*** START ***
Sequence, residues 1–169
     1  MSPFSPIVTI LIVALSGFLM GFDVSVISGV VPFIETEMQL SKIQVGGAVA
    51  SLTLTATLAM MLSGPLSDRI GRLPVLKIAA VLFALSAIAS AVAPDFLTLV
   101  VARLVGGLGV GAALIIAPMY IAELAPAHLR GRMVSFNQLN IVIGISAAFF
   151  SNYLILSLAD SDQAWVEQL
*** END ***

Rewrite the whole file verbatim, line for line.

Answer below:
Sequence, residues 1–169
     1  MSPFSPIVTI LIVALSGFLM GFDVSVISGV VPFIETEMQL SKIQVGGAVA
    51  SLTLTATLAM MLSGPLSDRI GRLPVLKIAA VLFALSAIAS AVAPDFLTLV
   101  VARLVGGLGV GAALIIAPMY IAELAPAHLR GRMVSFNQLN IVIGISAAFF
   151  SNYLILSLAD SDQAWVEQL